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Originally published Monday, March 4, 2013 at 10:18 AM

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Gunmen kill online reporter in Mexico border town

Gunmen shot dead an online journalist while he ate at a taco stand in the Mexican town of Ojinaga, which lies across the border from Presidio, Texas, authorities said Monday.

Associated Press

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CIUDAD JUAREZ, Mexico —

Gunmen shot dead an online journalist while he ate at a taco stand in the Mexican town of Ojinaga, which lies across the border from Presidio, Texas, authorities said Monday.

Jaime Gonzalez Dominguez's news website, Ojinaga Noticias, reported that the 38-year-old journalist was shot at least 18 times with an assault rifle Sunday afternoon. The gunmen stole his camera and a woman who was with him was not wounded in the attack, it said.

"This attack against journalism is a real shame," the article said, adding that the story about the attack would probably be the last one it published.

Minutes later the website was taken down.

Ojinaga Noticias covered stories ranging from local sports to education, and on Monday it didn't have any major reports about crime or drug trafficking.

Chihuahua state prosecutors' spokesman Carlos Gonzalez said authorities have yet to determine a motive in the killing and that prosecutors don't know if Gonzalez Dominguez had received threats.

The Association of Journalists of Ciudad Juarez, another border town in Chihuahua state, demanded a thorough and fast investigation.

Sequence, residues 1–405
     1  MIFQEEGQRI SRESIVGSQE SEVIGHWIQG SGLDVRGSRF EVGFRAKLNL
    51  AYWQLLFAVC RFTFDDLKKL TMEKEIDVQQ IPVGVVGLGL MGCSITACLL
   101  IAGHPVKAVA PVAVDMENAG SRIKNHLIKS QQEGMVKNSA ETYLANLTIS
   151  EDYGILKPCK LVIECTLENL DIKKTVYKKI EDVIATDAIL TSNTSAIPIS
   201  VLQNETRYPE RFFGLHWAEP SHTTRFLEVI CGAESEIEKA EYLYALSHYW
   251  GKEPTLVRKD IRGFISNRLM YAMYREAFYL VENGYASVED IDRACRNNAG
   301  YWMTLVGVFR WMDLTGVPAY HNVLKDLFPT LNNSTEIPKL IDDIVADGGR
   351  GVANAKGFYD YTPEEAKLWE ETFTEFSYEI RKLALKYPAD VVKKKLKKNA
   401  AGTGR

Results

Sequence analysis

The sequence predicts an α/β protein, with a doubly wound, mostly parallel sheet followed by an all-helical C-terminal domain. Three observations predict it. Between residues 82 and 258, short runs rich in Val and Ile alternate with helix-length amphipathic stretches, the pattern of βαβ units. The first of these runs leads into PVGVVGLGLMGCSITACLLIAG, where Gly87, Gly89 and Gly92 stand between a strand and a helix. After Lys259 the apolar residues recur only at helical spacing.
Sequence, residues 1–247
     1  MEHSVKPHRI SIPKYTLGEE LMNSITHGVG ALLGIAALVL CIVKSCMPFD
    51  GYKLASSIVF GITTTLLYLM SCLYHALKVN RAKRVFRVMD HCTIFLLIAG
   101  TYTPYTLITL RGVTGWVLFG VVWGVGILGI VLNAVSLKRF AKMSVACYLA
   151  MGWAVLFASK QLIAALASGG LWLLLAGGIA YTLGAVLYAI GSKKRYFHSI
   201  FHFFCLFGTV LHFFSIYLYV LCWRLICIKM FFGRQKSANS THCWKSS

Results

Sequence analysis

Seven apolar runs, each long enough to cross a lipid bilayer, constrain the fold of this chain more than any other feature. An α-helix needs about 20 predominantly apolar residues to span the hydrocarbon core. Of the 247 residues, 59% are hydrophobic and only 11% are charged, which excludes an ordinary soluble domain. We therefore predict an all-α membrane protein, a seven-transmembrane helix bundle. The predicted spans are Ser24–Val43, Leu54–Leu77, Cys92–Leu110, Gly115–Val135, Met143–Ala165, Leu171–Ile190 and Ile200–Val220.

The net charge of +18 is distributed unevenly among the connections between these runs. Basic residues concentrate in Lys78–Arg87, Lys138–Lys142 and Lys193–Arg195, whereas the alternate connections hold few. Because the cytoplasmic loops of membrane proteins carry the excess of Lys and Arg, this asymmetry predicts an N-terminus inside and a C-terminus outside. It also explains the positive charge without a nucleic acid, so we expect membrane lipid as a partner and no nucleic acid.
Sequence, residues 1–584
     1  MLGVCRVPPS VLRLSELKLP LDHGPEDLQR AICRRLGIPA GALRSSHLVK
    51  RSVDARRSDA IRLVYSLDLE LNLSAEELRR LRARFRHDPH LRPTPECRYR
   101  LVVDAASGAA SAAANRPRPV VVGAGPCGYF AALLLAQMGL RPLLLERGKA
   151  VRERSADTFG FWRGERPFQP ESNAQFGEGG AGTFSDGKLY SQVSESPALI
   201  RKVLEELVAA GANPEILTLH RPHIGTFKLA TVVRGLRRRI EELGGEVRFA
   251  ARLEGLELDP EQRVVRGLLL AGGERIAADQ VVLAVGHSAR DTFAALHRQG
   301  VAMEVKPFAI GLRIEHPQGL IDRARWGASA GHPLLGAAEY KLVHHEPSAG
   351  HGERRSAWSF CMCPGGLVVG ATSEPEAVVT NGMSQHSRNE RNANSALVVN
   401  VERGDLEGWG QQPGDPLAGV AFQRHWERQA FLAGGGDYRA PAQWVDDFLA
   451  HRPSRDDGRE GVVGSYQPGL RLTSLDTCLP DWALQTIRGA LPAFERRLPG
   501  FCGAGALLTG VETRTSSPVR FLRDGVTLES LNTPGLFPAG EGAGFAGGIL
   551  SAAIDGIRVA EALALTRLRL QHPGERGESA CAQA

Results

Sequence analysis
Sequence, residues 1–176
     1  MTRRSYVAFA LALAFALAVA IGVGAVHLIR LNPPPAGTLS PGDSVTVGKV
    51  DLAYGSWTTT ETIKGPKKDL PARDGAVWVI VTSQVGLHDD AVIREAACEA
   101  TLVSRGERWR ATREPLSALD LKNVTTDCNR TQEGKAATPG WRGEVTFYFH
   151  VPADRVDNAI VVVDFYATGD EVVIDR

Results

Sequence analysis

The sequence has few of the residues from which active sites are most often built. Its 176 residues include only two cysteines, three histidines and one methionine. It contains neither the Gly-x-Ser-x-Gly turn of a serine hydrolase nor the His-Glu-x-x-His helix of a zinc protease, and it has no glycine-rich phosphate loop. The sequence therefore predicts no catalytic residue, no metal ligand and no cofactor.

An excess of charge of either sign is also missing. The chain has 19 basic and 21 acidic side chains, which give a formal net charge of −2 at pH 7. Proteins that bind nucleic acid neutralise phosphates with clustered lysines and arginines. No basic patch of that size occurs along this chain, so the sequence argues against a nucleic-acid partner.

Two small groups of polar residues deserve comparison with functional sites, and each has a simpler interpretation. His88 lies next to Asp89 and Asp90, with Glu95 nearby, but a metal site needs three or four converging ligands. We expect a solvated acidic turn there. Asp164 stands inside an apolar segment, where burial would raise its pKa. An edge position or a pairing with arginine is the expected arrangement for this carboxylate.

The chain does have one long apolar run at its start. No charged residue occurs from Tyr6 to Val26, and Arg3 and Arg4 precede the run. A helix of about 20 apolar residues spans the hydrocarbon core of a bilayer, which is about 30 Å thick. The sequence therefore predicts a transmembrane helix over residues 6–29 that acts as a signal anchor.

"Chihuahua state can no longer be one of the states where practicing journalism is a high risk," the association said in a statement.

The killing comes days before the Inter-American Press Association was to meet in the central Mexican city of Puebla. The group has several times expressed concern about the risks faced by journalists in the country.

Press advocates have long called Mexico one of the most dangerous nations for reporters. But there isn't a single figure on crimes against journalists.

The Committee to Protect Journalists says in its latest report published in February that 12 Mexican journalists went missing between 2006 and 2012 and that in the same period 14 were killed because of their work.

Mexico's human rights commission lists 81 journalists killed since 2000.

In July, Mexico's special prosecutor for crimes against freedom of expression Laura Borbolla said 67 journalists have been killed and 14 have disappeared in the country since 2006.

Borbolla testified at a congressional hearing that her unit has identified 74 suspects in reporters' killings, but she didn't say if any of them had been detained. She also told lawmakers that she is aware of only one case involving the slaying of a journalist that reached sentencing.

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